In the constant push for ever newer and greener technology and energy, we sometimes forget that it is often both simpler and cheaper to revisit old techniques in new ways. And that’s exactly what a group of researchers in California has done.
By combining several old and well understood chemical techniques and reactions, they have discovered how to easily remove oxygen from biomass. No doubt, that sounds extremely boring unless you work in the chemical industry yourself, but the implications are staggering.
Today, just about every piece of plastic we use is derived from petrochemicals — which means every time we buy a gallon of milk or a new bottle of shampoo, we’re slowly depleting the planet’s finite fossil fuel supply and adding just that tiny bit more to the greenhouse gases in the atmosphere. Instead, imagine that we could make all our bottles from biomass — a renewable resource that, under the right conditions, is entirely carbon neutral. No longer would the plastics industry have to rely on ever decreasing oil supplies from fewer and fewer sources around the globe. Biomass, which is just a technical term for a heap of generic plant matter, can simply be grown.
Recently, biomass has been hailed as the newest and best source of biodiesel, but its production creates several byproducts, including the unwanted chemical glycerol. (While there are some uses for glycerol, the production of biodiesel has created a glut on the market, producing far greater supplies than necessary to meet current demands.) The new reaction worked out by a team of researchers from the U.S. DOE’s Lawrence Berkeley National Laboratory and the University of California at Berkeley reacts this wasted product with formic acid, a common chemical in nature found in bee venom and produced as a byproduct in the manufacture of several other industrial chemicals. By isolating the reaction from air and instead reacting it under nitrogen, this old reaction now produces large quantities of allyl alcohol — which chemical manufacturers use as the starting point for making any number of polymers, drugs, herbicides, pesticides, and other chemical products, including common, household plastics. Currently, these same manufacturers must produce allyl alcohol by instead oxygenating petroleum.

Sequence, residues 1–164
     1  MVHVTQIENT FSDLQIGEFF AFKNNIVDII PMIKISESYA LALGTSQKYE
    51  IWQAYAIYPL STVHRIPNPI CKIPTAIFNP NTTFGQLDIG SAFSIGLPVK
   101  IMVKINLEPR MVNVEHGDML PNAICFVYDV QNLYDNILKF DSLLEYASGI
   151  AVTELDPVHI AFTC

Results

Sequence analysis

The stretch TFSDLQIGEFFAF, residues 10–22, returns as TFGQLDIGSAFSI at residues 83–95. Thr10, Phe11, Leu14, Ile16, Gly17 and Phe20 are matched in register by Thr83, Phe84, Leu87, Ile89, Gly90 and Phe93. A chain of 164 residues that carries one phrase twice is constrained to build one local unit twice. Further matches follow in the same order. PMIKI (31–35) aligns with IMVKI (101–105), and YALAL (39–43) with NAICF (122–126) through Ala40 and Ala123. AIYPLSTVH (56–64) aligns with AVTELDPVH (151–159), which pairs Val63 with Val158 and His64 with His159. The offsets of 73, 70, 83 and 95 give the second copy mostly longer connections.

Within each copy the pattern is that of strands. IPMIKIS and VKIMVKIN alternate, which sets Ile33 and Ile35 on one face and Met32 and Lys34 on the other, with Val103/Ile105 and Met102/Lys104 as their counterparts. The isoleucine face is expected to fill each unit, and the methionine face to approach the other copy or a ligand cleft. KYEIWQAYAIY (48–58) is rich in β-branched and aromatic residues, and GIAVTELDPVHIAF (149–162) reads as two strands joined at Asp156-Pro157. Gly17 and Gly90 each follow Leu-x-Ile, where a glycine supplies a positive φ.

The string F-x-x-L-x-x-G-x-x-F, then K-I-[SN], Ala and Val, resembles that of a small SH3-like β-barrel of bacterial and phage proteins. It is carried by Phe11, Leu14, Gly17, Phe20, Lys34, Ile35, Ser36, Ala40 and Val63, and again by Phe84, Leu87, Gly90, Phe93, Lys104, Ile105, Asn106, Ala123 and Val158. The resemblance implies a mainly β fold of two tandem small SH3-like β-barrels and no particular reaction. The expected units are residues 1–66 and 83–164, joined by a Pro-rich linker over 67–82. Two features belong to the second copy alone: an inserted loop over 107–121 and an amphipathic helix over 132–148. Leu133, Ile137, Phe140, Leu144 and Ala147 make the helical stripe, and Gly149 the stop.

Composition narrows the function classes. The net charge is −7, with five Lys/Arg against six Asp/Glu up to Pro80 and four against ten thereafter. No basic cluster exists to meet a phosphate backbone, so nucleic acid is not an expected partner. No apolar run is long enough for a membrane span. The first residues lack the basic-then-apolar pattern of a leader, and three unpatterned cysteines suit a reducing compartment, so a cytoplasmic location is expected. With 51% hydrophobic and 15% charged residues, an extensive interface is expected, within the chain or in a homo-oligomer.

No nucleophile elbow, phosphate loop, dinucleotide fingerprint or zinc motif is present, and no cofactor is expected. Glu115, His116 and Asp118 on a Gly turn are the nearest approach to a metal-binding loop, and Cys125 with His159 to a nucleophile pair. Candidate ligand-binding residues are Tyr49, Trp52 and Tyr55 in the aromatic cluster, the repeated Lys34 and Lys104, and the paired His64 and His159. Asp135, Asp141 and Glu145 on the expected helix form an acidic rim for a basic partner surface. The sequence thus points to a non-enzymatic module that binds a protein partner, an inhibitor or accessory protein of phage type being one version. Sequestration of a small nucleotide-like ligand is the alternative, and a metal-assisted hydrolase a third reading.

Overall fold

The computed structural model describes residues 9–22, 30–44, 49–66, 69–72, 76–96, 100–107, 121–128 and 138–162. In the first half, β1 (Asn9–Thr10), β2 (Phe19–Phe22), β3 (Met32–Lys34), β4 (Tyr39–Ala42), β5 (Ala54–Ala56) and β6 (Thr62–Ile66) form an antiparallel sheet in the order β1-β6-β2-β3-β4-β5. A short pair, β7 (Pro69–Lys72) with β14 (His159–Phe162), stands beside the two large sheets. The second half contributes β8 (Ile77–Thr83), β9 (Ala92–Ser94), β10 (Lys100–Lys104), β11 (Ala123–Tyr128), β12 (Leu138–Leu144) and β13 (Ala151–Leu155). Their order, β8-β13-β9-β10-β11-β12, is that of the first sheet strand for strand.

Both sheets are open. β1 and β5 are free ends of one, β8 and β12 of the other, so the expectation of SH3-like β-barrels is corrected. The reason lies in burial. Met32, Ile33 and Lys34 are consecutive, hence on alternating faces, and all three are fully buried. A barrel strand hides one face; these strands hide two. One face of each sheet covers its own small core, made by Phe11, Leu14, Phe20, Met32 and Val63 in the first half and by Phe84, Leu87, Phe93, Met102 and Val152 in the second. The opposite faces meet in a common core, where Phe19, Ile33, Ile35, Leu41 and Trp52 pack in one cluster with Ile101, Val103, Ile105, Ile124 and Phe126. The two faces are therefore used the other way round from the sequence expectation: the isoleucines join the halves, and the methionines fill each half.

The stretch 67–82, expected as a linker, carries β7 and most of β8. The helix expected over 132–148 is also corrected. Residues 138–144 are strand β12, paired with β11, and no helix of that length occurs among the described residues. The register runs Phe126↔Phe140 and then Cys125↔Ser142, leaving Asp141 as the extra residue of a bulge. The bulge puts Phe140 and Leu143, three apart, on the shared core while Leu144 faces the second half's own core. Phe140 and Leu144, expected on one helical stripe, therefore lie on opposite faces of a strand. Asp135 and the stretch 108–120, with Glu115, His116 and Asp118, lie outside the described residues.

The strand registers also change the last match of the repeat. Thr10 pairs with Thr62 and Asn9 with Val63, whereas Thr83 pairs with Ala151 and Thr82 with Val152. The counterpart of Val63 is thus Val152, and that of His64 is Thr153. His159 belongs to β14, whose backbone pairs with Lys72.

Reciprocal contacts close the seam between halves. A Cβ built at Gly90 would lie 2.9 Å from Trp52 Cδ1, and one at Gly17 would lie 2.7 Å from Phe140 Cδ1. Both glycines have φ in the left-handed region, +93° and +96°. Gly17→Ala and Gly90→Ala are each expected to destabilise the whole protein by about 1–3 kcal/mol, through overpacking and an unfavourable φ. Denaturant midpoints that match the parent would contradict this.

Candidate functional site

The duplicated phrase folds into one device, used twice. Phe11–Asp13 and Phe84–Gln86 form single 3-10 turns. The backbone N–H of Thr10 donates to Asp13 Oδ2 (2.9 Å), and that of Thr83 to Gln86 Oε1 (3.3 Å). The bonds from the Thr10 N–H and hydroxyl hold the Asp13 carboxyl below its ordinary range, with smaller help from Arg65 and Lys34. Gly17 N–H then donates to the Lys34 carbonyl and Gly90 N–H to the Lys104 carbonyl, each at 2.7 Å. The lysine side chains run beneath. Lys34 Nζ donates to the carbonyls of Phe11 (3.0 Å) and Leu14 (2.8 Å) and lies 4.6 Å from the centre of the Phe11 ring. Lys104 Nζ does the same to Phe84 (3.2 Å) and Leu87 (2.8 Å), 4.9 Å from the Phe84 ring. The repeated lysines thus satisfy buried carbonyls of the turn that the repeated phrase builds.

So far, the researchers involved have only performed this new procedure in their own labs, and they predict that scaling the reaction up to industrial levels will take concerted effort on the part of both academic and industry researchers. But even discounting the vast benefits for the environment, given the cost of oil compared to the cost of biomass, the financial windfall for the chemical industry could be enormous.